This past Saturday, April 24th I had the pleasure of teaching 2 jewelry classes at Jo-Ann Fabrics in Arlington Heights, the store that I work at.
They were my first classes. The current teacher had cancelled, and God was on my side when I overheard the managers discussing whether or not to cancel them, and disappoint 18 eager students. I got the details, and told them that I could do it. I had taught a small group before and was confident this was my thing!
I would be teaching Jewelry 101 for beginners to learn about tools, materials, beads, and starting to get the hang of using these things, plus clasps and making loops to attach component together to make jewelry.
The second is Jewelry 201 for intermediate beaders. We would each make a wire-wrapped pendant to attach to a necklace of different silver beads and findings.
So the manager took me up to the office and printed some papers for me. Guidelines, teaching outline, project materials and so forth, for both classes. I was very excited and nervous. I had two days to produce the Wire-Wrapped Necklace pictured on the cover of the Jo-Ann Class brochure! I was up very late the night before, and very early the morning of the 24th. Too excited to sleep!
At the classroom I opened the jewelry materials cabinet and looked through what I had to work with. I brought all of my own supplies as well, just in case. Students began to arrive, and I was instantly no longer nervous as I began chatting with them about beads and wire. I began right on time, and walked them through it. I forgot to let them have a 10 minute break because we were all so excited. They were great students! They learned fast. I never felt impatient with them. I didn't teach them how to make wrapped loops though, because they seemed to have enough trouble with making their own headpins. Each student successfully finished a bracelet! I was so proud of them. I took them out to the aisle with all the beads and findings and talked more about wire and crimps and pliers.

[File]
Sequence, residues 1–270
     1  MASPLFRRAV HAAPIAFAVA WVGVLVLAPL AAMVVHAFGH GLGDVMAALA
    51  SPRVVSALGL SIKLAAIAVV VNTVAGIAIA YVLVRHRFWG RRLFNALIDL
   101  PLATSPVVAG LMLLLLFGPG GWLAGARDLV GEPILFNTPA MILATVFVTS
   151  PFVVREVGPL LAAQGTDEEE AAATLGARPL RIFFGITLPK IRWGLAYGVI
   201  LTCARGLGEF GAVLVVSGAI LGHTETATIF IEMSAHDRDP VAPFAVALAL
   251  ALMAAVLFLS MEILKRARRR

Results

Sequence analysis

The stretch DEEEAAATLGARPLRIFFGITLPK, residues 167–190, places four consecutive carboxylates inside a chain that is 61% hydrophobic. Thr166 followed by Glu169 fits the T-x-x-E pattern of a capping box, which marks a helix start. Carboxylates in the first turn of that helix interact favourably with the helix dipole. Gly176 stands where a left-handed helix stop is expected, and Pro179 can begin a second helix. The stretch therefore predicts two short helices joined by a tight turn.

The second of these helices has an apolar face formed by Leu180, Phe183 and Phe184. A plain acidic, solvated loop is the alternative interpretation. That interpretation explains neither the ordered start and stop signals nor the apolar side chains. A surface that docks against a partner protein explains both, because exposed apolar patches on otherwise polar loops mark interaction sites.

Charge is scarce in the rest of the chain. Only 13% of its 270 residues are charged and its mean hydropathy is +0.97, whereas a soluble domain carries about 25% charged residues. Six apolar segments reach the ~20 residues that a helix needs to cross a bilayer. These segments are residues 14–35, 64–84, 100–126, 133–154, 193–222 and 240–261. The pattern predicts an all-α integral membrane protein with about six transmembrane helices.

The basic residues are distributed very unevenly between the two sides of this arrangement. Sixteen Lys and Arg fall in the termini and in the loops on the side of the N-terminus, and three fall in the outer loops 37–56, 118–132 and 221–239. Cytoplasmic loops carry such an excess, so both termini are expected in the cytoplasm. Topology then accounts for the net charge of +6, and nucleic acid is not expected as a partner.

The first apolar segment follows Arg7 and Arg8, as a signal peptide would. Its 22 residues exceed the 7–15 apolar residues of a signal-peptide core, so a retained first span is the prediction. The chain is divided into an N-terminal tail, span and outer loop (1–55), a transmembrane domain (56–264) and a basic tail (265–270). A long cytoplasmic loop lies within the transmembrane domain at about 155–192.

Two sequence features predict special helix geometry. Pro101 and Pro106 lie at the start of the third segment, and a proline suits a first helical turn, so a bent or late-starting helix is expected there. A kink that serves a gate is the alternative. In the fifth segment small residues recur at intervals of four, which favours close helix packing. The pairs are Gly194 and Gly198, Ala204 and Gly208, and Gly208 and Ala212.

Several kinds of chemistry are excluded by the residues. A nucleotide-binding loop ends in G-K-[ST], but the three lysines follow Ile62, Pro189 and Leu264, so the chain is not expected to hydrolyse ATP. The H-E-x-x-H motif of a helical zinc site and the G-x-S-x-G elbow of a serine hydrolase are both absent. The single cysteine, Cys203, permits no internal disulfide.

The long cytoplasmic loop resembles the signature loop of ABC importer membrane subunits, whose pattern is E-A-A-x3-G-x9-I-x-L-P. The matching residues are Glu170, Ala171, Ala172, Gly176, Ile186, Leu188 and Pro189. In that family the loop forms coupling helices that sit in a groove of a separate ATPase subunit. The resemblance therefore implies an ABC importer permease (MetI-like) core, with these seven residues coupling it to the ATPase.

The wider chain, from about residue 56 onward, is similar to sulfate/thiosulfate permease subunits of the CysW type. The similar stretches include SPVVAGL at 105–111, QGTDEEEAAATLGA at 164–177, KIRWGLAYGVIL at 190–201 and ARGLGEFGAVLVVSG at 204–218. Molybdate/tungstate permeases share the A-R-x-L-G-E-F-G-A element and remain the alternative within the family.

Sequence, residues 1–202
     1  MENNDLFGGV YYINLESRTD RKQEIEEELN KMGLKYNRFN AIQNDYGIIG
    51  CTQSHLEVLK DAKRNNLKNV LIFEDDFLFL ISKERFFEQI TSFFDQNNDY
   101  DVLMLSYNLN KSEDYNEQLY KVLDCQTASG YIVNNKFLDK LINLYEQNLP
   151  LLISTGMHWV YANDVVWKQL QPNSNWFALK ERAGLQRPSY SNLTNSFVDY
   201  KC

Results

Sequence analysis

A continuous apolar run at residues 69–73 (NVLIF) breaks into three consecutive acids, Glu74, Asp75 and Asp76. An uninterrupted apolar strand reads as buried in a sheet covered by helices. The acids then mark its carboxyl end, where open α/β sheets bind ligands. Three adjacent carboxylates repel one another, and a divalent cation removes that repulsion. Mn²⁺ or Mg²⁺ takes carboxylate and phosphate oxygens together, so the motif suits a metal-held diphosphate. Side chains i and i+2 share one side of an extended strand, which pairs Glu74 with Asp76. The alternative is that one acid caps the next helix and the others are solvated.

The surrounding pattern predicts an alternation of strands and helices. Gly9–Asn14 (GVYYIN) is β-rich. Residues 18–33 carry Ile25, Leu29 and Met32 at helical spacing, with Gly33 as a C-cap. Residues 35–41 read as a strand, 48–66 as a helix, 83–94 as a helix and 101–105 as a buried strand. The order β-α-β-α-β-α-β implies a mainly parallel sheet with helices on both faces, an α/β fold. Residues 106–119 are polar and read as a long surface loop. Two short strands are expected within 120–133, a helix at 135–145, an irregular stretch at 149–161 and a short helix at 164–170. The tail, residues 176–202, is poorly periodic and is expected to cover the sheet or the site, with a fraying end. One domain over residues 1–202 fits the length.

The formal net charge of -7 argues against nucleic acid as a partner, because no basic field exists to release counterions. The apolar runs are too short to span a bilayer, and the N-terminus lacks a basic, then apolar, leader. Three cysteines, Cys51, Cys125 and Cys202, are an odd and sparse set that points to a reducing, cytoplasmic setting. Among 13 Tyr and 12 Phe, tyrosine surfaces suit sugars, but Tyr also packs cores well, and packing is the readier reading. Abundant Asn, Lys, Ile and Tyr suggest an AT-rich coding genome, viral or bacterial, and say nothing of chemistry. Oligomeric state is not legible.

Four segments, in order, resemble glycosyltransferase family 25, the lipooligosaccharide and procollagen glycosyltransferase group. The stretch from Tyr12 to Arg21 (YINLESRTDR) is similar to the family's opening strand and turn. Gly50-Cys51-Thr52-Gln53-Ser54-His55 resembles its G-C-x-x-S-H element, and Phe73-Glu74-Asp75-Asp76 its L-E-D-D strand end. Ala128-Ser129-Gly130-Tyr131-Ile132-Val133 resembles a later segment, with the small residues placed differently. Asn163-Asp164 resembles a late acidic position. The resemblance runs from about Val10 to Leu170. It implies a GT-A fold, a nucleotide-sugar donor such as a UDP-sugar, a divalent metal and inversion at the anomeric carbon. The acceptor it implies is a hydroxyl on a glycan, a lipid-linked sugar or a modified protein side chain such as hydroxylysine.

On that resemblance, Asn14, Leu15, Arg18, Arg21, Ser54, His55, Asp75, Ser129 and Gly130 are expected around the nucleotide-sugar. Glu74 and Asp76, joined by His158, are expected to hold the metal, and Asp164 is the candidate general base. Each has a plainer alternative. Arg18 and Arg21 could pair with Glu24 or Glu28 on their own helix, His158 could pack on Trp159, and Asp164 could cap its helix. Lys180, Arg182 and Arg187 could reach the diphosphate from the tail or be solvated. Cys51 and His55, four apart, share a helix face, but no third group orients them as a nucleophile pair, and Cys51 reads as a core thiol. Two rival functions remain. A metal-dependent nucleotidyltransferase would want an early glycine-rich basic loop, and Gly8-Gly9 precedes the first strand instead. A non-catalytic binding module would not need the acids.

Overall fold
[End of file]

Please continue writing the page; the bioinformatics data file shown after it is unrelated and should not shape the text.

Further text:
I barely had time to prepare for the next class! They started arriving, and had to wait for the two students from the first class who signed up right after the first class was over. I was excited to teach them more! This class didn't go quite as expected... as every student brought a different kind of pendant to wrap. So with my expertise on wire, I visited each student individually to suggest to them how to wrap the item they had. Some students had round pendants, when the supply list said square. Two had chunks of flat semi-precious stone with no hole at all. Easy fix though. They all reported to have had a great time, and so did I. Everyone here successfully made a necklace that they liked.
I had no idea that I had just worked for eight straight hours! I LOVED it. I had a great time, and I learned very much myself. I couldn't wait to get home to bead even MORE.